BOSTON (AP) — For New England, the worst is over, an economic forecaster says.
Still, regional growth will be slow and the region will not return to pre-recession job levels until mid-2013, the New England Economic Partnership says in a new forecast scheduled for release Thursday.
The Partnership’s spring 2010 forecast predicts the region’s unemployment rate will continue rising to a peak of 9.3 percent by the first quarter of 2011 because of a natural swelling of the labor force and the return of people who were previously too discouraged to seek work.
“With the slow growth in employment it will take an extended period of time to recover the loss of nearly 366,000 jobs, or 5.2 percent of employment, over the past two years,” wrote University of New Hampshire economist Ross Gittell in the forecast’s executive summary.
All six states are expected to see employment growth by the end of the current quarter.
Rhode Island, the New England state hardest hit, is expected to see its jobless rate peak at 12.9 percent by the end of this year, while New Hampshire and Vermont could have the region’s lowest peaks at 7.2 percent and 6.9 percent, respectively.
“We’re turning the corner now, but it’s not going to be a strong recovery,” Gittell said in an interview. “The good news is the worst is over and we are starting to see some growth in employment.”
Most of the New England states appear to be faring better in the recovery than the nation as a whole, he said. The region is benefiting from growth in the professional and business services sector, as well as in education and health services and high technology. Gittell also saw some rebound in the construction industry, but the numbers are nowhere near pre-recession levels.
State-by-state forecasts also released Thursday show varying degrees of optimism, with Massachusetts being the state most “firmly on track” toward recovery. The state experienced strong job growth in the first quarter of 2010 and the gains were expected to continue over the next two quarters.
Gov. Deval Patrick announced separately Thursday that the state’s unemployment rate dropped to 9.2. percent in April from 9.3 percent the previous month and that Massachusetts added 19,000 jobs last month.
By contrast, forecasters expected only a “modest” recovery in Connecticut, with the state not even approaching pre-recession job levels until the end of 2014. A slow job recovery was also anticipated in Rhode Island, with concerns expressed about the state’s economic policies.
The economic recovery of the northern New England states of New Hampshire, Maine and Vermont was considered to surpass that of the nation, but slow and uneven progress was forecast.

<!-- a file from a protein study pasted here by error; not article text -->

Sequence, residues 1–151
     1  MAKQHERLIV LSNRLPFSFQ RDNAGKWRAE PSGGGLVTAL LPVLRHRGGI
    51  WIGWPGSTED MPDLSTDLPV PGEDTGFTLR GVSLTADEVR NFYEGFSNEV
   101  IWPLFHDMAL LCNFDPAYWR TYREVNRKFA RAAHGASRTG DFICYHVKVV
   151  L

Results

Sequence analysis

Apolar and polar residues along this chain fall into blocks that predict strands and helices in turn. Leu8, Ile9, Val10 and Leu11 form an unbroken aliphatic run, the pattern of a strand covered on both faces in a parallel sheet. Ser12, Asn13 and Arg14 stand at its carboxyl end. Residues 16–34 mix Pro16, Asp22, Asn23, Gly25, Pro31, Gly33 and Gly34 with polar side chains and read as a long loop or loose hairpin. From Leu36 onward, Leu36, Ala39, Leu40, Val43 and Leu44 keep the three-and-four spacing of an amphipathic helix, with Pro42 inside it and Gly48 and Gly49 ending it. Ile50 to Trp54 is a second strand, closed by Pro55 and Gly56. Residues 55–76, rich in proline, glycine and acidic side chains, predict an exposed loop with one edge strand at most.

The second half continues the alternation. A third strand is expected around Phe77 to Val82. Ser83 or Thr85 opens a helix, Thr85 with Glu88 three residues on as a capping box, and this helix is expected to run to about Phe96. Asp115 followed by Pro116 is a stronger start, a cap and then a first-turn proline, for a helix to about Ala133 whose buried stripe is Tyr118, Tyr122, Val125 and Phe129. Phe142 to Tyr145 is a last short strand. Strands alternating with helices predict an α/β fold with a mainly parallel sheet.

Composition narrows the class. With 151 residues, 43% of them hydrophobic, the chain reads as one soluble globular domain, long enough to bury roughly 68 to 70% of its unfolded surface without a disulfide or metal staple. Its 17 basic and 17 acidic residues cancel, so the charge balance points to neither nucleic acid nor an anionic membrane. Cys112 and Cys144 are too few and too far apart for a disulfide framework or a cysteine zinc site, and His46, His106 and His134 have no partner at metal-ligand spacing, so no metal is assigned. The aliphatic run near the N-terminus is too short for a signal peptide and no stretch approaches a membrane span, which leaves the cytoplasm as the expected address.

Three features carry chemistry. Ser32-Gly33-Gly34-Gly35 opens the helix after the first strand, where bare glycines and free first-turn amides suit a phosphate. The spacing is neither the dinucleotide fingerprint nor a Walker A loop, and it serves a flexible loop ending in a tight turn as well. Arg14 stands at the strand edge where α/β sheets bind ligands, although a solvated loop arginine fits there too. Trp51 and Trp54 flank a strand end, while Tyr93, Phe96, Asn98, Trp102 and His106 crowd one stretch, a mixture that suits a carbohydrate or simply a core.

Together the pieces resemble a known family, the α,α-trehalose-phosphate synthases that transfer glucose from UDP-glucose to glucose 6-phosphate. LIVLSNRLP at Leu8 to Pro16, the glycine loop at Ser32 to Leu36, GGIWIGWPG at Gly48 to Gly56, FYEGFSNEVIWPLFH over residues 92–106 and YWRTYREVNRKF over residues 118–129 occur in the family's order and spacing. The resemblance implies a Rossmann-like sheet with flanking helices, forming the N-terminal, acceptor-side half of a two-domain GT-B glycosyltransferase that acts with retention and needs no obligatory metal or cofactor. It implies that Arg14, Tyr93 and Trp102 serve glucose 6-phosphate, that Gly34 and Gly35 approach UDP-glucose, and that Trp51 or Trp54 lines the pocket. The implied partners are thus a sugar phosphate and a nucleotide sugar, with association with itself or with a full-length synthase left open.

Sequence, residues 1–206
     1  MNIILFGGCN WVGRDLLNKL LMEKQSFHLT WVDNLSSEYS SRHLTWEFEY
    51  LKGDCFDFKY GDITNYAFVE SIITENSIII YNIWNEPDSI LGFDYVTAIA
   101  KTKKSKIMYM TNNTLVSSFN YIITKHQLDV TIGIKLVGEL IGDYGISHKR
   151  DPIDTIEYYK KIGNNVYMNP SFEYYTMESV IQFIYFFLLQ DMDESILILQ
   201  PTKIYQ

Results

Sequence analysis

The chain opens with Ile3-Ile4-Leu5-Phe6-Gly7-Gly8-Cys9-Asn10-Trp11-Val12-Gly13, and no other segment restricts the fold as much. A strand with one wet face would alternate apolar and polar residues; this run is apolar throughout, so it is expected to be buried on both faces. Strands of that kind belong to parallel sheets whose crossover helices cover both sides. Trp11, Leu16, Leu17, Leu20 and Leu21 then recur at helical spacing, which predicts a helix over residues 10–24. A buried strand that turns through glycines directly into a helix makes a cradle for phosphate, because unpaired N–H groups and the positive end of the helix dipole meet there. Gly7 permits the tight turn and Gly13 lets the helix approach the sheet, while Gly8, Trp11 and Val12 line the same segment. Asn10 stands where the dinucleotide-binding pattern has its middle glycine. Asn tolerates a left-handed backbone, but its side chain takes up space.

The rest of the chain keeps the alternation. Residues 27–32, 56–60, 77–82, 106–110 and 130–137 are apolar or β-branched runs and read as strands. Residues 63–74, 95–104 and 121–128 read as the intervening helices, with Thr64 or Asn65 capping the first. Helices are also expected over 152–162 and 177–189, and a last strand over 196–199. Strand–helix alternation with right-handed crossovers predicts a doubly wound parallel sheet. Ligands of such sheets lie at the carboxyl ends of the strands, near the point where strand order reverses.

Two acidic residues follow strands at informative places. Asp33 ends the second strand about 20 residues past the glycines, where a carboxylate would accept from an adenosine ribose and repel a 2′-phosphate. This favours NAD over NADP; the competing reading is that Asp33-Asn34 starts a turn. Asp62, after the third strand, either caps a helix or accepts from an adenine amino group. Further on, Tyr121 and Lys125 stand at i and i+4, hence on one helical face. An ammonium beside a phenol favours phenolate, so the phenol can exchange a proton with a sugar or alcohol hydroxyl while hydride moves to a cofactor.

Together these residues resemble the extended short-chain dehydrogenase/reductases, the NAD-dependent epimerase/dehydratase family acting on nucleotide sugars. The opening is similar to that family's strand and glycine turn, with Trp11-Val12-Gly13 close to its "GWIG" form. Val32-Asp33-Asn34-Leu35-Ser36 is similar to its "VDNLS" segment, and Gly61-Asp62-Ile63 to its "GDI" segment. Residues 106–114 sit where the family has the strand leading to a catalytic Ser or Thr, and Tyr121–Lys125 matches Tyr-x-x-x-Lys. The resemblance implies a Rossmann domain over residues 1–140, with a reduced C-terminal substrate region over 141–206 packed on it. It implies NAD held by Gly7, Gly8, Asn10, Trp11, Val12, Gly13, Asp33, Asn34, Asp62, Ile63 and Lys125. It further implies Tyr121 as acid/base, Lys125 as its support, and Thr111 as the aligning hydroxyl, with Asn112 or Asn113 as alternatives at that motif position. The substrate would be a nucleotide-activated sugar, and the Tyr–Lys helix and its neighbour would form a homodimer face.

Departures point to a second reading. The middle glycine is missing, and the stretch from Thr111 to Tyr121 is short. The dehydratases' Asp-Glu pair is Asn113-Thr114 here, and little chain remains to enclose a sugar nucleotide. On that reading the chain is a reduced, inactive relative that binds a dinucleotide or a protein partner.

The fact that jobless rates may continue to rise even while overall employment is growing could deal a psychological blow to the region, Gittell said.
“People are going to say, ‘Wait a second. The unemployment rate is still close to double digits. I’m not going to go out and buy that big ticket item or redo my house.'”
Michael Lynch, regional economist for IHS Global Insight, said most companies that reduced their work forces during the recession will be reluctant to start rehiring anytime soon.
“(Firms) have ramped up productivity and they are not going to have the need to bring people on,” said Lynch, who was not an author of the forecast.
Through the end of 2013, New Hampshire and Maine were projected to have the highest percentage growth in total employment among the New England states. Rhode Island was expected to have the third highest, but only because employment had fallen so precipitously there.
But Leonard Lardaro, an economics professor at the University of Rhode Island, said the state was in a dire financial situation. He said, “The idea that somehow if you had a severe recession you’re therefore going to have a very rapid recovery, I think is without basis when it comes to Rhode Island.”
Lardaro noted that the recent severe flooding in the state also could further slow any resurgence.
The forecast offers a mixed bag for incumbent politicians seeking re-election this fall, Gittell said.
“It’s not as bad as it could have been but still there’s going to be a lot of questions about why the economy isn’t stronger and ‘where were you when the economy went down and why didn’t you help prevent this?'” he said.